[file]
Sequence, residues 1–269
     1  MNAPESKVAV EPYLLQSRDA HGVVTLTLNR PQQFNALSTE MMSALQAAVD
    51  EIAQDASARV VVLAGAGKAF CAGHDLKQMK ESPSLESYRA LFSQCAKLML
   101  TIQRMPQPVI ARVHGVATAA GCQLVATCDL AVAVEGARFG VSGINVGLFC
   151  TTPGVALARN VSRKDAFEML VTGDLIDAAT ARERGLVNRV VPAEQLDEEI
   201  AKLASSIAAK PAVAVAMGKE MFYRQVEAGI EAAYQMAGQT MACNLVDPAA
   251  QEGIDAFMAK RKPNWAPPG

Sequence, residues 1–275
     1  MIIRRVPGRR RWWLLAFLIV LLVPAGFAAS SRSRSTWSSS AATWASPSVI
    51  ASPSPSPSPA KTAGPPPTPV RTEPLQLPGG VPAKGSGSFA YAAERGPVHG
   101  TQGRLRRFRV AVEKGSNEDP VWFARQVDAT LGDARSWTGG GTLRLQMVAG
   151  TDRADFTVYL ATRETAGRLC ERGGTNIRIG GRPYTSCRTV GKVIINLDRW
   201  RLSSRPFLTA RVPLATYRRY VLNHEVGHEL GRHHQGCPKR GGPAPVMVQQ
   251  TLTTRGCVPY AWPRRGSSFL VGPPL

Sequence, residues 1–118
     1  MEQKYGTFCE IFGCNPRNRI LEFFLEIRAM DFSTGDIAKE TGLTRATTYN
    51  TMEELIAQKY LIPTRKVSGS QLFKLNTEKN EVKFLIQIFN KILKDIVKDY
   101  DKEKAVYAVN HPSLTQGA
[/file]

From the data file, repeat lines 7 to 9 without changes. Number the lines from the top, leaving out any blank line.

   251  QEGIDAFMAK RKPNWAPPG

Sequence, residues 1–275
     1  MIIRRVPGRR RWWLLAFLIV LLVPAGFAAS SRSRSTWSSS AATWASPSVI